Introduction

In Price v. Price  [2014] EWCA Civ 655 the Court of Appeal considered the circumstances in which a husband who had claimed to have posted an answer to a petition which was then  not received by the Court, should be able to successfully apply to set aside a certificate and serve his answer  out of time. Black LJ considered both the relevant authorities and their inter-relation with Rule 4.6 of the Family Procedure Rules 2010 (FPR 2010) which deals with relief from sanctions.

Facts

The Wife issued a divorce petition based on the Husband's alleged unreasonable behaviour, namely profligacy of spending. The Husband filed an Acknowledgment of Service indicating an intention to defend the divorce, but although he claimed to have posted an answer on the 12th December 2012, it was common ground that this did not reach the Court. As a consequence the Wife applied for decree nisi on the basis that the divorce was undefended, and on 29th January 2013 the county court certified that she was entitled to a decree, the pronouncement of which was listed for 18th February 2013.

On being notified of the certificate and the hearing, the Husband (who was acting in person) applied for the certificate to be set aside on the basis that in the normal course of events his answer would have been received by the court and the petition would have been treated as defended, and no certificate would have been granted. He also applied for leave to file an answer out of time.

There was a short hearing before a District Judge at which no evidence was called and the Husband's application  dismissed on the basis that the Court was not satisfied an answer had filed in time and that the marriage had "plainly irretrievably broken down". The Husband then unsuccessfully appealed this decision to the Circuit Judge who dismissed his appeal and upheld the DJ's reasoning. The Husband then appealed again to the Court of Appeal.

Legal Principles

Black LJ carried out a detailed review (see paragraphs 10 - 25) of the relevant authorities , going back to Nash v. Nash [1968] P 597 in which three classes of case were identified: i) Where a spouse knew nothing about the divorce in which situation he would get a rehearing almost automatically; ii) Where the spouse knew about the divorce, chose not to defend, but later changed his mind, in which case he would have to persuade a court that it was more probable than not that the decree was obtained contrary to justice of the case; and iii) Where the spouse was aware of the divorce, anxious to defend it but through ignorance or lack of advice failed to take necessary procedural steps to protect his position. In that type of case, a court would not have to be persuaded a different outcome was 'more probable than not' but rather it would be necessary and sufficient for the spouse to satisfy the court that he had a case which he wished to put forward, that if accepted, might well lead to a different result.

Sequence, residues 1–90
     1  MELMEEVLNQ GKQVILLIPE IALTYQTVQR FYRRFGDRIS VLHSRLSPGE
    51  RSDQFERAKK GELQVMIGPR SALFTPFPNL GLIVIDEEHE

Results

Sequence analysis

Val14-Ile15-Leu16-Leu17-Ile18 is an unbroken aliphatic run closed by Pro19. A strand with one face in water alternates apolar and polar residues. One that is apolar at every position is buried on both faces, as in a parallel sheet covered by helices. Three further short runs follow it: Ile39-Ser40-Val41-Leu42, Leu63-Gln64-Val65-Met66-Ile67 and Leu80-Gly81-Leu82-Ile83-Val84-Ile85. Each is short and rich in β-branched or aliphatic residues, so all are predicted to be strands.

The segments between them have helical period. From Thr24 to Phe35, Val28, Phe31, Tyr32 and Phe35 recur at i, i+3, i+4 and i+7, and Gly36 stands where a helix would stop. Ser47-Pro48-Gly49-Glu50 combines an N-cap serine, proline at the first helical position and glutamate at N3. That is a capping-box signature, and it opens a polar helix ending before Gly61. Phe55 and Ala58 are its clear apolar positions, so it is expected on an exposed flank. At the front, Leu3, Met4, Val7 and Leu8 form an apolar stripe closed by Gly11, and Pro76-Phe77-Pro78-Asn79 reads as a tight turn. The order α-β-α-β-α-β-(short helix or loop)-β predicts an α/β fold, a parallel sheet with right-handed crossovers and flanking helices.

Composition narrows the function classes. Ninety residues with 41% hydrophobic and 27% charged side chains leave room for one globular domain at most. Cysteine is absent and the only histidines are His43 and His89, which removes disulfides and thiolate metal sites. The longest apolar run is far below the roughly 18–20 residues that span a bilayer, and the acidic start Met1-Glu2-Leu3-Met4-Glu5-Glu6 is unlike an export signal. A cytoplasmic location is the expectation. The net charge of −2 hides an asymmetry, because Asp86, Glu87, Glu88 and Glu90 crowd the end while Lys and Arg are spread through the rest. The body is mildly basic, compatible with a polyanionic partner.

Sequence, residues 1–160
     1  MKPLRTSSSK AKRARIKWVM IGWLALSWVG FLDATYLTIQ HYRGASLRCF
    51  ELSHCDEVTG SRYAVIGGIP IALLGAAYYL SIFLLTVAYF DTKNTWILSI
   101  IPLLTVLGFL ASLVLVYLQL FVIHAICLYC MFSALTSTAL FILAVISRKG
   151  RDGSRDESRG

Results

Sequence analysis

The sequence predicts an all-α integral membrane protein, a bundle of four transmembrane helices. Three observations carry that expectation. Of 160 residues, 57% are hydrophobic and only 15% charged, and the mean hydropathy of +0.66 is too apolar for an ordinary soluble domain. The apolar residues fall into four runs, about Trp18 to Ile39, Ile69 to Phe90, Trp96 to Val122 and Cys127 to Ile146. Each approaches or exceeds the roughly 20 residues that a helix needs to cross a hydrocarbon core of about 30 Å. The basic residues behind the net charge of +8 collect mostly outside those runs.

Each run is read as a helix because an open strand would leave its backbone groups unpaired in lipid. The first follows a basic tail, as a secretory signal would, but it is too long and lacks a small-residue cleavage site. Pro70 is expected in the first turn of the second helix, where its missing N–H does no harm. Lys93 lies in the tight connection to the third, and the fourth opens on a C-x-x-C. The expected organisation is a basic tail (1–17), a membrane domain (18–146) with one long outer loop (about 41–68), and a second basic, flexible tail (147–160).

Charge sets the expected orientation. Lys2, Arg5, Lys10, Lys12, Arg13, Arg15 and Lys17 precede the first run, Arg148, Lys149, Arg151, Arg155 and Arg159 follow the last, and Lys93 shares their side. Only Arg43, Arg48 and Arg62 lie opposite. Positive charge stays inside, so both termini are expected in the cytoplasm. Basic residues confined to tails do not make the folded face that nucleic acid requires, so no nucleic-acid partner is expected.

The most recent authority referred to by Black LJ was Lawlor v. Lawlor [1995] 1 FLR 269 which considered a case within the third Nash category, where an application  by the wife to file an answer out of time had been refused. The Court of Appeal said that both the first instance judges who had considered the merits of the answer and its prospects of success had taken the wrong approach: The fact that the wife might lose and that her view of the possibility of reconciliation might be misguided were not good reasons for preventing her side of the case from being heard, nor could it be assumed that a person defending a divorce petition was out to cause trouble. 

Further, Butler-Sloss LJ, said that in circumstances where the delay in filing the answer was 'minimal' and not prejudicial to the other spouse, it would be 'usual' to permit the answer to be filed, unless the contents of the answer were frivolous, irrelevant such that they would be considered to be an abuse of process of the Court.